March 13, 2006
Why DO Women Talk So Much?
By DEANNA DAHLSAD
Men often ask these questions:
"She just had lunch with her today, why does she need to be on the
phone with her tonight?"
"Why does it take her so long for her to tell one lousy story?"
"Why does she need to send a birthday card to her sister if she's going
to see her at the party on Saturday?"
Men are clearly frustrated by women's need to communicate -- nearly as
much as women are frustrated by the silence of men! So why do
women talk so much?
A female brain can, and will, effortlessly, put out 6,000 to 8,000
spoken words a day. A man's maximum spoken verbage lies between 2,000 to
4,000 spoken words daily -- and if watching my dad and husband is any
indication, it's not without great effort. All of this has its roots
in our survival as a species.
Men evolved from hunters who didn't do much talking. (If you've ever
seen your grandpa and uncles hunt and fish, you know this to be true.
Hours and hours go by, and no one speaks.) While there is evidence to
support that communication was needed among early hunters, most of it
was done prior to setting out to hunt, leaving little for discussion
during the hunting trip itself. This was practical. Too much noise
(conversation) would alert the prey -- at best scaring it away; at worst
turning hunter into hunted.
On the other hand, women went out-and-about not to hunt, but to gather.
As they did this activity in groups, they would keep up a stream of
conversation in order to make sure no one had fallen behind or prey to
animals. For a woman, conversation was literally life itself!
The many life-saving conversations among our female ancestors consisted
of sharing the details of the day's work with other members of the
group. This is also practical, since gathering is all about the
details. You have to know each leaf pattern and shape, and not just
what color, but what shade it is; because eating the wrong plant or
picking the berry at the wrong time could mean death. What better time
to educate the younger or newer members of the group than to with show and
tell? These detailed training conversations are still alive among
gathering societies today -- be it 'primitive' cultures or women
'gathering' at the mall.
When you look at these detailed life saving conversations, it's easy to
see why we women use twice the number of words of our male
counterparts. But there's another aspect to this communication as well.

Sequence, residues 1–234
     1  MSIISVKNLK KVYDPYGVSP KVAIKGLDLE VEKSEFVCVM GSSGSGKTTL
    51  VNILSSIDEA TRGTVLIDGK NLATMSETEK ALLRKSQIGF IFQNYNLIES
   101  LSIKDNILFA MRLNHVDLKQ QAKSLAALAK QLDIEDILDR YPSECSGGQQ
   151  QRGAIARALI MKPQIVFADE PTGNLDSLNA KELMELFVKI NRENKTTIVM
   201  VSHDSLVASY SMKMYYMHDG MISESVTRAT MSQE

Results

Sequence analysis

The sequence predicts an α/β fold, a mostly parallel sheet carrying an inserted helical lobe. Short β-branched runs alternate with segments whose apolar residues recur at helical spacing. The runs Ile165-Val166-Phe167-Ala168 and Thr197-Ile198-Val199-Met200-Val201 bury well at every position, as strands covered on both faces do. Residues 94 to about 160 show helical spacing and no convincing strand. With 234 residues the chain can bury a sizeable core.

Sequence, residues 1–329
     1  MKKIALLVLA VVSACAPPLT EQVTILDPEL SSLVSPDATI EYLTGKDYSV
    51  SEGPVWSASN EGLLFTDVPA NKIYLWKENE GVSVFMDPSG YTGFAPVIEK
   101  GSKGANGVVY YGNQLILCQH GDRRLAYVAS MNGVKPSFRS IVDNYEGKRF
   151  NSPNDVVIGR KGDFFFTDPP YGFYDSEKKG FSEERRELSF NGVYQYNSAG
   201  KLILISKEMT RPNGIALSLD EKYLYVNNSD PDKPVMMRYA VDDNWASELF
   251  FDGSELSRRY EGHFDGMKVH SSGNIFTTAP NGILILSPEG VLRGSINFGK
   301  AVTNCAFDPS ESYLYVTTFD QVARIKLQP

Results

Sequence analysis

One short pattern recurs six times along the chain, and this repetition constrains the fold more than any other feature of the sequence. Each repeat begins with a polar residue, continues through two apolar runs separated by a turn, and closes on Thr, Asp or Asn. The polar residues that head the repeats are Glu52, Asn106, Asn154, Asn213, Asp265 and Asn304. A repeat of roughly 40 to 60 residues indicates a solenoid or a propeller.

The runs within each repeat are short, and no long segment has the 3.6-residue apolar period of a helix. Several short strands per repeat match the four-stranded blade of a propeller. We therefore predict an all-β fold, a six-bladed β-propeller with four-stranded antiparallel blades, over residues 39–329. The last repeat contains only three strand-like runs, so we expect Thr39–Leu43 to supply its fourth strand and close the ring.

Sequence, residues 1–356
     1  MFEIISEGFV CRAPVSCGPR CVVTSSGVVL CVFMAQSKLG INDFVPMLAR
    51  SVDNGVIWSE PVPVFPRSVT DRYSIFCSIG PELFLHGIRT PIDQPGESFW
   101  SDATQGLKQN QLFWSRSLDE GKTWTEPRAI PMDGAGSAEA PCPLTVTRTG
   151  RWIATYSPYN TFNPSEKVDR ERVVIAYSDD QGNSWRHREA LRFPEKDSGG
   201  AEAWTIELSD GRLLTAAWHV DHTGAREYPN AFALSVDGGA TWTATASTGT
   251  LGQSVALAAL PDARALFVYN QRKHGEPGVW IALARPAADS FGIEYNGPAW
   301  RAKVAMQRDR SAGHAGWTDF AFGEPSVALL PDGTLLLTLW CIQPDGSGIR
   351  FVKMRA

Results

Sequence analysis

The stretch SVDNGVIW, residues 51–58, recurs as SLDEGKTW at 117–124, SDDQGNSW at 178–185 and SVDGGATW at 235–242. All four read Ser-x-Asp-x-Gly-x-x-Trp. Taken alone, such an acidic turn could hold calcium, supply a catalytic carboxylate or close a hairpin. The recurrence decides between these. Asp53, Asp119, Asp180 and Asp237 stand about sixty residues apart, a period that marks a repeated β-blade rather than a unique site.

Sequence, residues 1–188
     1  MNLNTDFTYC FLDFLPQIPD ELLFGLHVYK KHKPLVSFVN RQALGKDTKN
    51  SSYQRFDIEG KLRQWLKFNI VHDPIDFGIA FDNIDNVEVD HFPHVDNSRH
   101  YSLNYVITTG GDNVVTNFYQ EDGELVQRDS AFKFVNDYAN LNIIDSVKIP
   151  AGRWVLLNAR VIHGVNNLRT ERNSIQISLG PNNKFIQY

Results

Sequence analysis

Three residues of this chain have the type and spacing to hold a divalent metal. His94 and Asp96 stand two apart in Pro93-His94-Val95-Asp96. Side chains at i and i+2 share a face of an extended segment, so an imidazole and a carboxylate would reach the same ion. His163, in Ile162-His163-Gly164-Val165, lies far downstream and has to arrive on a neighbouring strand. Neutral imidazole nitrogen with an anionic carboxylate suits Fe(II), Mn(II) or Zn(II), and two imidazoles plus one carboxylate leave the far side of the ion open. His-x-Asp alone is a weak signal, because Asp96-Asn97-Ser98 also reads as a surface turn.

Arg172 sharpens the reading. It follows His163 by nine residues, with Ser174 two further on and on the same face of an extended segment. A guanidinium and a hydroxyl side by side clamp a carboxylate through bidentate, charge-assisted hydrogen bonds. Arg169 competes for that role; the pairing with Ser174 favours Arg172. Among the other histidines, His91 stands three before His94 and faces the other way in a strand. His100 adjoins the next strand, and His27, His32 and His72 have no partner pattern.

Think about these groups of women relying upon one another to be trained
in the subtle art of gathering. As they walk along, bent over, looking
for signs of edible goodies, they are also listening to the voices of
the group members. They are not merely listening for tips on spotting
safe foods or cries of 'deep red ripe berries over here!' but for the
tone of voices. Does she sound alarmed? Does she sound too far away?
Urc's been quieter than usual... is she sick? Again, they are paying
attention to the details in the voices themselves. And they also
listening for what is missing... Has Ug's voice been heard recently?
Is she missing?!
Conversations like these, discussions which are clearly meant to teach
and share as well as look out for each other, build trust. You are
entrusting your own life, the lives of your family members, to the other
group members. You have to trust that the information is good. You
have to trust that these people are listening to you.
For women, talking and sharing are bonding experiences which help them
build relationships. Women learn how to trust and who to trust by
communicating and paying attention to the smallest of details. Having
communication reciprocated, to know that others are listing, is a reward
too. So the cycle continues.
Women talk so much because communication never fails to make women feel
understood, comforted and supported. It's proof that we matter! And we
do delight in letting others know that they matter too.
Posted by photocartoonist at March 13, 2006 11:09 PM
I wish thy would just be quiet
Posted by: mark at June 22, 2006 3:39 PM
This is exactly right! Along with that, women were responsible for raising the children, and being sensitive to communication was/is key. Such as the need for details, tones, and the “closeness” or intimacy that is entwine in women’s conversations. I never really put two and two together with the “child rearing” and the “gathering” aspect, but it makes perfect sense!
To the author, Deanna Dahlsad:
I just stumbled upon this article, but if at all possible I would love to subscribe to this “blog” on related topics.
Posted by: T K at November 24, 2006 11:06 AM
I wish usage of words per day for a women would have been limited to a certain amount by default... so that after that they could only speak the next day...
Posted by: Anand at April 11, 2007 3:59 AM
actually i heard they did a study recently and the conclusion was men actually do talk just as much as women. i know some really chatty dudes who just WILL NOT shut up, even if you conk them on the head. I think it's a power trip for them to control the conversation.
Posted by: jesse at May 4, 2007 6:37 PM
Its okay to have a normal and short conversation with a woman, but when it gets to the point where you've said and heard enough, i just feel like sticking duct tape over her mouth.
"Do you think i'm fat"?.... - Woman
"Shut the hell up, woman"! - Man
Posted by: Wale at May 28, 2007 6:31 PM